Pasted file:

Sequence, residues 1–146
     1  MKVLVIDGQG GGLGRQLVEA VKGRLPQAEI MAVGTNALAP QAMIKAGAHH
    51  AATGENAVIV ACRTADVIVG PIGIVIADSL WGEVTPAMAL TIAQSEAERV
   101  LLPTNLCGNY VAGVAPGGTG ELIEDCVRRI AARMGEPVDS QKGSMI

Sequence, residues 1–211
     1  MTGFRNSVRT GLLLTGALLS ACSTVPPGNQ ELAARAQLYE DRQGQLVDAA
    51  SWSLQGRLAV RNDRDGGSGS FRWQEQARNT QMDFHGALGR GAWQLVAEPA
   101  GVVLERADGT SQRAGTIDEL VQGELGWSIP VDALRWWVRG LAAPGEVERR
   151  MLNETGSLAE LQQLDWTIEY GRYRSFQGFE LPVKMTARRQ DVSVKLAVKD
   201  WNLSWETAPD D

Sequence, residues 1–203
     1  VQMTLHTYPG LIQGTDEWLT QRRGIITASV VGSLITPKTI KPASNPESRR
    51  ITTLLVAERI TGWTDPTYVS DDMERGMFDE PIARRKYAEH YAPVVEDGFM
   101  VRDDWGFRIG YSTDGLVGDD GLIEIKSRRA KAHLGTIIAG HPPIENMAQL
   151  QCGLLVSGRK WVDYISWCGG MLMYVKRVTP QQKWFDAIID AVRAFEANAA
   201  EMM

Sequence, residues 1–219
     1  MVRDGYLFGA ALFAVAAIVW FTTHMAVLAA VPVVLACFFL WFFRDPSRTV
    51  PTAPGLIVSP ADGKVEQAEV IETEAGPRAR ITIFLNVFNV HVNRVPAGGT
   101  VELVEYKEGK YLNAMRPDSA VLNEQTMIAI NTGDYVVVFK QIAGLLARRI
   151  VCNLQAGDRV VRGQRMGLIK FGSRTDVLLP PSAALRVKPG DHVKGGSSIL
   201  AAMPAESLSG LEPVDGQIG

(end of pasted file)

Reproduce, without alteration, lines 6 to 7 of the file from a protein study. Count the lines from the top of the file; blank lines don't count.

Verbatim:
     1  MTGFRNSVRT GLLLTGALLS ACSTVPPGNQ ELAARAQLYE DRQGQLVDAA
    51  SWSLQGRLAV RNDRDGGSGS FRWQEQARNT QMDFHGALGR GAWQLVAEPA